For his documentary feature debut filmmaker, Jethro Patalinghug has turned his cameras on one of the oldest LGBT organizations in the country, the Imperial Council also known as the Imperial Court System. Patalinghug takes a look at its glorious history as it celebrates its 50 year anniversary and now starts to question if there is still place for it in today’s LGBTQ community.
The Imperial Court System was founded in San Francisco, California, in 1965 by José Sarria. In those dark days it was considered illegal for homosexuals to congregate in public together, but the owner of the Black Cat Cafe where Sarria worked as a drag queen, fought and won a landmark victory which changed all of that.
Sarris firmly believed that the community should not just come out of the shadows but be proud of what he called the nobility of being gay. Thus the Court system was created with a system of royal titles to recognize the roles that its members would play. He always intended that the Court would join with other LGBT organizations and spearhead the move to equal rights.
Part social, part political but where the Court really took off was as a dynamic fundraising operation that would help fund crucial LGBT services and charities. It naturally really came into its own during the AIDS Epidemic which devastated their hometown far more than most. By mounting daily events it raised much-needed millions of dollars to help people stricken down with the disease to be able to pay for medications, rent and even funeral services.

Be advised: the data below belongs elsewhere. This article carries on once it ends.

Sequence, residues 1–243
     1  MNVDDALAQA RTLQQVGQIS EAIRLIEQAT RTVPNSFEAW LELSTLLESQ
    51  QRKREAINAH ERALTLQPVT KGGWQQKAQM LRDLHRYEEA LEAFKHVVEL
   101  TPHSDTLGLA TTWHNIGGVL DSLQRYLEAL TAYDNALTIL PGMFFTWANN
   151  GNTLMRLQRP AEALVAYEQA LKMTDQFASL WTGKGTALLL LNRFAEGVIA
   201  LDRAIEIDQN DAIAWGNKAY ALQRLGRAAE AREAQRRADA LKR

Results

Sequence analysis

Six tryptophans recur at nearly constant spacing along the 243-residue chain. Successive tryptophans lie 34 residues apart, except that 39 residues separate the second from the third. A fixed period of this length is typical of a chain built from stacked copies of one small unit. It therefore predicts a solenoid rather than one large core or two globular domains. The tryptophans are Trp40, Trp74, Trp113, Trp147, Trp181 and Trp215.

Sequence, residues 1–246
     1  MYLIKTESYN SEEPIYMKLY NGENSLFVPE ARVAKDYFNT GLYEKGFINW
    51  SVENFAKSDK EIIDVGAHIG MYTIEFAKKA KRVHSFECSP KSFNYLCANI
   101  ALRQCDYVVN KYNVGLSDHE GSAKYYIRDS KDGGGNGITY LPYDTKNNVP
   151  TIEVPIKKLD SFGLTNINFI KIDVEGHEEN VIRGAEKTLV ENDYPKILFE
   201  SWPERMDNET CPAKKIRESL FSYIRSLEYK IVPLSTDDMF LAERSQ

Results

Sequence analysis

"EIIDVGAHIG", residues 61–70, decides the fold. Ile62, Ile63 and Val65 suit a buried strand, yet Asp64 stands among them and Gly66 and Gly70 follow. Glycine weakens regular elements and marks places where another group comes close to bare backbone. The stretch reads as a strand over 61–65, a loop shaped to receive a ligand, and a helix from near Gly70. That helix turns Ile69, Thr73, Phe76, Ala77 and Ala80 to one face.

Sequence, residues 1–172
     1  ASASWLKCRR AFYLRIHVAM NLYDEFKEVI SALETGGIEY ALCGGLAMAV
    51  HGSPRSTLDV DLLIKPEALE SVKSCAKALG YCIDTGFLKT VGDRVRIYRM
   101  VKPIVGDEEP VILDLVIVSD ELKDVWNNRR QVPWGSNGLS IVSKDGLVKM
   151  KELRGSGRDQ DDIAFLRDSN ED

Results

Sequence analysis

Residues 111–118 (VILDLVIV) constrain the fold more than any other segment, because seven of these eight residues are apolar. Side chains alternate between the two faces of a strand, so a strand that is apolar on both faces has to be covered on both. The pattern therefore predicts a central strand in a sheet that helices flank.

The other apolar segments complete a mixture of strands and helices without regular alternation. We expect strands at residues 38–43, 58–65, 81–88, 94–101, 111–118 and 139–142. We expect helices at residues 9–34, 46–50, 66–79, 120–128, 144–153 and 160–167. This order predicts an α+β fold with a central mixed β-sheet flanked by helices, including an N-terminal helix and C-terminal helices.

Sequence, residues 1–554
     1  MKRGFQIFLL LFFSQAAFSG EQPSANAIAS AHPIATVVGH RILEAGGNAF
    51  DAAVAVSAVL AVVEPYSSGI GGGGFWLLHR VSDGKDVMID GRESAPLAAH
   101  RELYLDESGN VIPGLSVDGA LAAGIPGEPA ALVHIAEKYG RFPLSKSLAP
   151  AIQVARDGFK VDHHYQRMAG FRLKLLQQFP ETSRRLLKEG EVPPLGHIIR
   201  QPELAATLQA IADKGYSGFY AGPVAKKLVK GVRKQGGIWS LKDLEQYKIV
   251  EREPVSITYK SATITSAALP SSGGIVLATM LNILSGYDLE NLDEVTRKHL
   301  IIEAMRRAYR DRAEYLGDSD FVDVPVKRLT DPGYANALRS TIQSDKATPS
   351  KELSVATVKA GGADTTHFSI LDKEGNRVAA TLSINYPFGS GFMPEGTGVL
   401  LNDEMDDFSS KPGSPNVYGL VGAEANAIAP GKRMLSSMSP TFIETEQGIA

The Council/Court excels in all its traditions especially the annual election and coronation of its Empress & Emperor who must use their year in office to not just further the cause but raise a substantial amount of money. They all dress up in their elaborate regal drag with their huge coiffured wigs topped off with crowns and tiaras, and even the Emperors get to sport gold laurel leaf crowns.
Patalinghug mixes a wealth of archival footage with a whole string of interviews with some of the Courts past Empresses and Emperors and what comes over so loudly, is their sheer joy of being a part of this rather wonderful old organization. It includes a clip from a 2004 interview with Saria himself, but the most moving part of the film by far is his funeral held in a Cathedral with the entire Court in their best black drag and dressed up to the nines in his honor.
The latter part if the film is given over to discussing how the LGBT community has not just evolved but also fully embraced this new age of technology giving us different perspectives on how we now congregate and interact with each other. Patalinghug does attempt to draw any conclusions of his own, and members of the Court express their own very mixed opinions on the future. It’s too early to see who will be proven right but however, after seeing 50 Fabulous Years it’s almost impossible not to want to wish them another 50 too.